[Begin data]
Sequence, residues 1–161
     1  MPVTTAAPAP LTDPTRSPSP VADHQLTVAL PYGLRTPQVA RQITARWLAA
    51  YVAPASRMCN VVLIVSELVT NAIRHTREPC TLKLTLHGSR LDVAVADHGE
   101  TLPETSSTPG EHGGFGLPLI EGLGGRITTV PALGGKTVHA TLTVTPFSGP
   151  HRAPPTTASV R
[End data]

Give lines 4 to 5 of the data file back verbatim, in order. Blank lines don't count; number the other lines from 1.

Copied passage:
   101  TLPETSSTPG EHGGFGLPLI EGLGGRITTV PALGGKTVHA TLTVTPFSGP
   151  HRAPPTTASV R